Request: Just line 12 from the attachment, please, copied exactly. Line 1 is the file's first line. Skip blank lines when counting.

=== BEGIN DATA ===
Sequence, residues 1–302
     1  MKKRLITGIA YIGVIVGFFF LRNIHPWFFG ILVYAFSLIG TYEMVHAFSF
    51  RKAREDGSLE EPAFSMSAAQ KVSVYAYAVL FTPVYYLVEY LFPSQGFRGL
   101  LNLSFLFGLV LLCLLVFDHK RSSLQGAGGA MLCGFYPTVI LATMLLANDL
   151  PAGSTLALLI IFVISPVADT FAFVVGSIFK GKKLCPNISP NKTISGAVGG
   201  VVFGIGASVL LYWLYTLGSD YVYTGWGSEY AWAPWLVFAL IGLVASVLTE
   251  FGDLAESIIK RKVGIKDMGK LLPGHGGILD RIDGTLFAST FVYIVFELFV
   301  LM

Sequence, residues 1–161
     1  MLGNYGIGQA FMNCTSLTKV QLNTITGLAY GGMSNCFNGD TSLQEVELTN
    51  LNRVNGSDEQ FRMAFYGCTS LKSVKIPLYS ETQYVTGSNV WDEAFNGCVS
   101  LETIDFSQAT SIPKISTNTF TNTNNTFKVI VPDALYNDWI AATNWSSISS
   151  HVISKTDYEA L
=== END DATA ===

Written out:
   101  LETIDFSQAT SIPKISTNTF TNTNNTFKVI VPDALYNDWI AATNWSSISS